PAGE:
- "Iran tests the US in southeastern Syria – FDD's Long War Journal". longwarjournal.org. 3 June 2017. Retrieved 6 January 2019.
- Hosenball, Mark (1 August 2012). "Exclusive: Obama authorizes secret U.S. support for rebels". Reuters. Archived from the original on 2 August 2012. Retrieved 2 August 2013.
- Londono, Ernesto & Miller, Greg (12 September 2013). "U.S. weapons reaching Syrian rebels". The Washington Post. Retrieved 13 September 2013.
- "Trump ends covert CIA program to arm anti-Assad rebels in Syria, a move sought by Moscow". The Washington Post. 19 July 2017.
- "Britain withdraws last of troops training Syrian rebels as world powers distance themselves from opposition". The Daily Telegraph. 2 September 2017.
- "The Red Line and the Rat Line". London Review of Books. 17 April 2014.
"A highly classified annex to the report, not made public [as described by one source, said that] the CIA, with the support of MI6, was responsible for getting arms from Gaddafi's arsenals into Syria...A spokesperson for Petraeus denied the operation ever took place.
- "Jordan ponders a change of course on Syria". The National. 5 February 2017.
- "The Southern Front". Stanford University. Retrieved 12 August 2017.
- Sherlock, Ruth. "Libya's new rulers offer weapons to Syrian rebels". The Telegraph. Retrieved 25 May 2014.
- "Israel secretly armed and funded 12 Syrian rebel groups, report says". Haaretz.com. Retrieved 9 January 2021.
- Gross, Judah Ari. "IDF chief finally acknowledges that Israel supplied weapons to Syrian rebels". www.timesofisrael.com. Retrieved 9 January 2021.
- "Canada sent millions to Syrian rebels". Toronto Sun. 31 August 2013. Retrieved 19 February 2019.
- "Germany helping Syria rebels with spy ship intel: paper". Reuters. 19 August 2012. Retrieved 19 February 2019.
- Joško Barić (29 April 2018). "Syrian War Daily – 29th of April 2018". Syrian War Daily.
- "منشقون عن "جند الأقصى" يشكلون "أنصار التوحيد" بإدلب". baladi-news.com.
- "Jihadists in Syria's Idlib Form New 'Operations Room' | Voice of America - English". voanews.com.
- "Clashes broke out between Tahrir Al-Sham and "Stand Firm" factions west of Idlib city". Call Syria. 23 June 2020.
- Joscelyn, Thomas (7 August 2016). "Jihadists and other rebels claim to have broken through siege of Aleppo". Long War Journal.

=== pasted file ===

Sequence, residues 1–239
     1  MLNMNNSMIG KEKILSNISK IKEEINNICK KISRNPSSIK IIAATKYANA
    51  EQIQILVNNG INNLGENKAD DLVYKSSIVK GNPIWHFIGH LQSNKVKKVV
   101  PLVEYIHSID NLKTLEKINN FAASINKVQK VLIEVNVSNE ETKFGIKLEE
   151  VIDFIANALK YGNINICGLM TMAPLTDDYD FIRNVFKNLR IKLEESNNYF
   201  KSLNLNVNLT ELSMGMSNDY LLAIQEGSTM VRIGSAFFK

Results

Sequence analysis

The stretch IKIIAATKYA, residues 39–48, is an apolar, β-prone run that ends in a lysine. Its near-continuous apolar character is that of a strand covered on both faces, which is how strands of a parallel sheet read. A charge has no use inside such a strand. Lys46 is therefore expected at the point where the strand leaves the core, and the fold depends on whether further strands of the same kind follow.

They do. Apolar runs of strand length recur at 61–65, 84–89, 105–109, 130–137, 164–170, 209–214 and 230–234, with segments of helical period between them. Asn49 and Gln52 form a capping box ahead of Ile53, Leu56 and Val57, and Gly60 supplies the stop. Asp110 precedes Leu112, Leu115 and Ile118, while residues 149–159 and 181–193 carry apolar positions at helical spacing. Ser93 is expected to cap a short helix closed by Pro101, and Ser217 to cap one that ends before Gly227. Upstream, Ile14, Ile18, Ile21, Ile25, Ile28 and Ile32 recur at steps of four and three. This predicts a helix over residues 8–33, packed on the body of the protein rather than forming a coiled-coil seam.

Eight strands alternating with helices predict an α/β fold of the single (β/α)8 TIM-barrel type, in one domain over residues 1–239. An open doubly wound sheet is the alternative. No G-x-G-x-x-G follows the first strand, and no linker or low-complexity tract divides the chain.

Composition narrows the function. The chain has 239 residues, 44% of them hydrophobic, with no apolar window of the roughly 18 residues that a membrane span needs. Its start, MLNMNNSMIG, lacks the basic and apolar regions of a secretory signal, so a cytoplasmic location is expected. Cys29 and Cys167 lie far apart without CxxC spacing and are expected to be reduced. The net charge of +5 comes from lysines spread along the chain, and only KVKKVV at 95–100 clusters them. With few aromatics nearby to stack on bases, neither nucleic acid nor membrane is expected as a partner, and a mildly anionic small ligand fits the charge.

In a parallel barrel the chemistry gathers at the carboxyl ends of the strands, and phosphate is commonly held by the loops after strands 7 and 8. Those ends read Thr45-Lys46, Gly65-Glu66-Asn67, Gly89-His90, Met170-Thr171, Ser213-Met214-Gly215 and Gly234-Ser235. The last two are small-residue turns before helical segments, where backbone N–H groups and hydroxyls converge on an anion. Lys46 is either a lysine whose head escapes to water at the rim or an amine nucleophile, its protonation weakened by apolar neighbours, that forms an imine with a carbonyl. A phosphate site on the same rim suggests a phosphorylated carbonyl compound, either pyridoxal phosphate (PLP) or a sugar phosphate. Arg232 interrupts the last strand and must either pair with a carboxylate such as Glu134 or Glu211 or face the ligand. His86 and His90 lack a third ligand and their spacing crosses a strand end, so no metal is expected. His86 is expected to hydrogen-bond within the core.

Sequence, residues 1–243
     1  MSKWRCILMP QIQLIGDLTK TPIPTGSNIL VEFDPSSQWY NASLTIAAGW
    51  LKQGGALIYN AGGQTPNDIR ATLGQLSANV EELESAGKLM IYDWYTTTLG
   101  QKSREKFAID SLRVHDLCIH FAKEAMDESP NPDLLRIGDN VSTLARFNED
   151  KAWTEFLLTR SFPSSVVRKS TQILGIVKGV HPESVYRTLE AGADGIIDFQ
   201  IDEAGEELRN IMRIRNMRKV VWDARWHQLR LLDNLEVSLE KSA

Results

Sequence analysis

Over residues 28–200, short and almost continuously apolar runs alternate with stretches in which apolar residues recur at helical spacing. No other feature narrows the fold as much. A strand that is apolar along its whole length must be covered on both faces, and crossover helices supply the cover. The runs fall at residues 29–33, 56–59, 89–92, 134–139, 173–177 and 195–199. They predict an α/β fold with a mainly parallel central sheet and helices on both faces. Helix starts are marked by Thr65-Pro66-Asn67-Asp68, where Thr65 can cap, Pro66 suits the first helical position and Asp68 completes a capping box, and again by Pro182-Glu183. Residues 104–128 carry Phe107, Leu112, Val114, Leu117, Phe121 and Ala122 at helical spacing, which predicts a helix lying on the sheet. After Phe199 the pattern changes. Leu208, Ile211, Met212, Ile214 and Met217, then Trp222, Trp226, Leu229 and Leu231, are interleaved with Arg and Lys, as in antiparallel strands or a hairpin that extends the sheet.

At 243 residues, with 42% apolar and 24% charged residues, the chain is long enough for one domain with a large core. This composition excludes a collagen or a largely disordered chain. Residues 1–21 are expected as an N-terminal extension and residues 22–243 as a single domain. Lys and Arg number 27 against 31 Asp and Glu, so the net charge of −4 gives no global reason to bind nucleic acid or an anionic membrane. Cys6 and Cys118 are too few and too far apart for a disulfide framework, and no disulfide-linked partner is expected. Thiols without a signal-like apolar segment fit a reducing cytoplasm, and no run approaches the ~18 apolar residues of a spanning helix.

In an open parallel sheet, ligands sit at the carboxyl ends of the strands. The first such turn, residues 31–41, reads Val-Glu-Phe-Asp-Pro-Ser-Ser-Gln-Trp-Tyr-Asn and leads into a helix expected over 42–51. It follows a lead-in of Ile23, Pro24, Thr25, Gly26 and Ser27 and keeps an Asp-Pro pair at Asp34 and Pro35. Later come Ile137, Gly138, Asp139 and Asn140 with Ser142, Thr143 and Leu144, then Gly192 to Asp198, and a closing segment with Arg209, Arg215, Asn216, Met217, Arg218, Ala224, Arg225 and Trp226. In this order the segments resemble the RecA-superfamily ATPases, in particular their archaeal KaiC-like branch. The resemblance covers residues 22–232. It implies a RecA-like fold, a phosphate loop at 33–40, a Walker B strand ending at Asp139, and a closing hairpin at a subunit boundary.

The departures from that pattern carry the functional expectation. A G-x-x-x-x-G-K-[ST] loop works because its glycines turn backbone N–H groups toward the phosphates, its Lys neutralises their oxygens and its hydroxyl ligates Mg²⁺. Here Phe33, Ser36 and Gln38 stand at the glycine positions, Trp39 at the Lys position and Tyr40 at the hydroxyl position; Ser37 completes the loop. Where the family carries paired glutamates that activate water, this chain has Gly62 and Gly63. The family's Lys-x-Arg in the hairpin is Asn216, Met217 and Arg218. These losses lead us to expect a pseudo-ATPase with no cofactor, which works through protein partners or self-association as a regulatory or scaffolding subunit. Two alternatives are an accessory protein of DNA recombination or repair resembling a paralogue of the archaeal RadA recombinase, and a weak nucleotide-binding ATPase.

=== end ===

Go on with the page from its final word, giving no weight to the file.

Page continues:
- "Ajnad Kavkaz – From Chechnya To Syria". Retrieved 1 September 2016.
- "Abu Bakr Shishani Now Fighting Alongside Ajnad al-Kavkaz In Latakia". 9 February 2016. Retrieved 1 September 2016.
- Jama'at Ansar al-Haq's Separation from Hurras al-Din: Translation and Analysis aymennjawad.org
- "Tarkhan's Jamaat (Katiba İbad ar-Rahman) Fighting In Hama Alongside Muslim Shishani". 29 January 2018. Retrieved 24 February 2018.
- "More Detailed Information & Interview With Newly-Formed Tatar Group Junud Al-Makhdi Whose Amir Trained In North Caucasus With Khattab". 3 July 2016. Retrieved 1 September 2016.
- "Foreign jihadists advertise role in Latakia fighting – The Long War Journal". Retrieved 1 September 2016.
- "Caucasus Emirate in Syria fighting in Aleppo – The Long War Journal". Retrieved 19 June 2016.
- Saeed Jawdat (21 May 2017). "With the exception of its leader ... Ajafalh Brigades (Abu Amara) announces its entry for (edit Sham)". All4Syria.
- Mudiq, Qalaat Al (18 August 2018). "#Syria: Abu Amara Special Task Brigade announces the killing of Ahmed Habib, an officer of Military Intelligence in #Masyaf (W. #Hama).pic.twitter.com/urQ39HBUjl". Retrieved 6 January 2019.[non-primary source needed]
- Weiss, Caleb (23 April 2015). "Turkistan Islamic Party in Syria involved in new Idlib offensive". Long War Journal.
- "UN: Islamic Jihad Union operates in Syria". Long War Journal. 31 July 2019.
- "ضمانات أمريكية لتركيا بالتوقف عن تسليح أكراد سوريا". جريدة الدستور الاردنية.
- Al-Tamimi, Aymenn Jawad. "The Factions of North Latakia". Aymenn Jawad Al-Tamimi. Retrieved 6 January 2019.
- Caleb Weiss (18 January 2018). "New Uighur jihadist group emerges in Syria". Long War Journal. Retrieved 19 January 2018.
- AFP (18 January 2013). "Raging clashes pit Syrian Kurds against jihadists". NOW.
- "Pakistan Taliban set up camps in Syria, join anti-Assad war". Reuters. Archived from the original on 14 July 2013.
- O'Bagy, Elizabeth (September 2012). "Jihad in Syria" (PDF). Institute for the Study Of War. Retrieved 4 November 2013.
- Lund, Aron (15 October 2012). "Holy Warriors". Foreign Policy. Archived from the original on 18 October 2012. Retrieved 4 November 2013.
- Baker, Aryn & Aysha, Rami (23 April 2013). "Lebanon's Most Wanted Sunni Terrorist Blows Himself Up in Syria". Ya Libnan. Retrieved 8 June 2013.
- Aron Lund (27 January 2014). "The Other Syrian Peace Process". Carnegie Endowment for Peace. Retrieved 14 October 2014.
- Aymenn Jawad Al-Tamimi (6 August 2019). "Kurdish Rebels in Northwest Syria: Interview with Harakat Salah al-Din al-Kurdi". Retrieved 12 August 2019.